What is Recursive CTE?
A Recursive Common Table Expression (CTE) in SQL Server is a powerful feature that allows you to define a
CTE that references itself, creating a recursive loop that can be used to generate hierarchical or self-referencing data. This feature is particularly useful for querying data stored in a hierarchical or nested structure, such as organizational charts, tree structures, and bill-of-materials.
To use a
Recursive CTE, you must first define the base case or anchor member, which is the starting point of the recursion, and then define the recursive member, which is the self-referencing part of the query that generates additional rows based on the previous rows. The recursion continues until no more rows can be generated, or until a predefined maximum recursion level is reached.
Here's an example of a Recursive CTE that generates a list of all the employees and their managers in a fictional company:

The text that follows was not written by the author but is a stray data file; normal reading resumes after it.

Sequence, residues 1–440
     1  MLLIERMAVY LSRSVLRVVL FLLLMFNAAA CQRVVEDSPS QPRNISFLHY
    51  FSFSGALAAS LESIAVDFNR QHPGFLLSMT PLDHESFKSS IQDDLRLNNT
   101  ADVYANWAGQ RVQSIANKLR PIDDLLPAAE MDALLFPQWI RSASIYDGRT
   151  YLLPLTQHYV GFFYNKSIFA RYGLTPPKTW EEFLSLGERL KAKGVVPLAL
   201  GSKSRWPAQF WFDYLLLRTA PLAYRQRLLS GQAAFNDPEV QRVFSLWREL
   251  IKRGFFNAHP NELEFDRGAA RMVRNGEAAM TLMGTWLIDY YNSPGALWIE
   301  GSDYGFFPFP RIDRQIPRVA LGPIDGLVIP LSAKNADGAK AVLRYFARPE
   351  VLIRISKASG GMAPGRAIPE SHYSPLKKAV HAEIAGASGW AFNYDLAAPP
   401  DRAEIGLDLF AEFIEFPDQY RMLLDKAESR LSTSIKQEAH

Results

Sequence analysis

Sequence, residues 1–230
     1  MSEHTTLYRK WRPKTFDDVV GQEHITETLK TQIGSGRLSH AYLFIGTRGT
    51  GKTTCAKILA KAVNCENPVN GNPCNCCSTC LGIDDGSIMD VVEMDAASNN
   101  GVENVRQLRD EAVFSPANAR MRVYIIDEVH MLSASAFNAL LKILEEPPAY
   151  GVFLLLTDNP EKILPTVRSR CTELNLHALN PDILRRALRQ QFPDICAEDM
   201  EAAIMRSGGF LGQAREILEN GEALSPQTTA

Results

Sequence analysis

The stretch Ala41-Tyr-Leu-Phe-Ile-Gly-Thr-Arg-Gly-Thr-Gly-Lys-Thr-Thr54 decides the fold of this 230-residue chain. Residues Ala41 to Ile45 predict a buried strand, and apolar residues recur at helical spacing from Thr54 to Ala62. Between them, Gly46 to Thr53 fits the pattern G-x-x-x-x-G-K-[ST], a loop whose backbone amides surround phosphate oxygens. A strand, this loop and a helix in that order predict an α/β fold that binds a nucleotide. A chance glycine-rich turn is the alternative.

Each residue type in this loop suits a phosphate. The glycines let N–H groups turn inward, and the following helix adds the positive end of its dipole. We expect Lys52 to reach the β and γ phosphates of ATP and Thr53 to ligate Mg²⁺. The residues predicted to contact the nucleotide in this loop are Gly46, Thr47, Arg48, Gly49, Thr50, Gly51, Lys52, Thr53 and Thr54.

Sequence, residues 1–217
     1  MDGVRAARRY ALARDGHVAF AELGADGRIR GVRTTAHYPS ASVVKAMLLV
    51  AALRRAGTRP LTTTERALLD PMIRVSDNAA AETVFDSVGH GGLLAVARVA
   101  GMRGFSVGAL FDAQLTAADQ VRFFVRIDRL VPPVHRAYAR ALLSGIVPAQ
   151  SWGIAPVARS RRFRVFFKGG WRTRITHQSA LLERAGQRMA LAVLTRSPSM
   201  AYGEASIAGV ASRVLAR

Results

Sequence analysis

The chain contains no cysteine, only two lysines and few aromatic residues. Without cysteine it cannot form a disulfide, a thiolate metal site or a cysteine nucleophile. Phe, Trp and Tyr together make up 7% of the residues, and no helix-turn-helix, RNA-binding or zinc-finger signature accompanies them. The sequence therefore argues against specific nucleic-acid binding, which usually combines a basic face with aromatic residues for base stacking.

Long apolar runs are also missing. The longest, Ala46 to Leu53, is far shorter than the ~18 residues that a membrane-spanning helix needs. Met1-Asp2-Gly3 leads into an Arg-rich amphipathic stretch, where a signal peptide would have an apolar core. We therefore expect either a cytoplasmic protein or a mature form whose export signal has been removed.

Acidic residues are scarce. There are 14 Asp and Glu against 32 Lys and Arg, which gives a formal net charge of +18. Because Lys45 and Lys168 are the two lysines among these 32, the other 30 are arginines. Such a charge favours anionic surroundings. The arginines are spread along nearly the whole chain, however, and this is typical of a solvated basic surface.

WITH EmployeeHierarchy AS (
-- Anchor member: Select all employees without managers
SELECT EmployeeID, Name, ManagerID, 0 AS Level
WHERE ManagerID IS NULL
-- Recursive member: Select all employees who report to the previous level's managers
SELECT E.EmployeeID, E.Name, E.ManagerID, Level + 1
FROM Employees E
JOIN EmployeeHierarchy EH ON EH.EmployeeID = E.ManagerID
SELECT EmployeeID, Name, ManagerID, Level
ORDER BY Level, ManagerID, EmployeeID
In this example, the first part of the CTE selects all the employees who don't have a manager (i.e., they are at the top of the hierarchy), and assigns them a starting level of 0. The second part of the CTE recursively selects all the employees who report to the previous level's managers, and increments their level by 1. The final SELECT statement simply returns all the rows from the CTE, ordered by level, manager, and employee ID.
Recursive CTEs can be used to solve a wide range of problems, such as hierarchical queries, graph traversal, and pathfinding algorithms. However, it's important to be careful when using recursive CTEs as they can be computationally expensive and may cause performance issues on large datasets.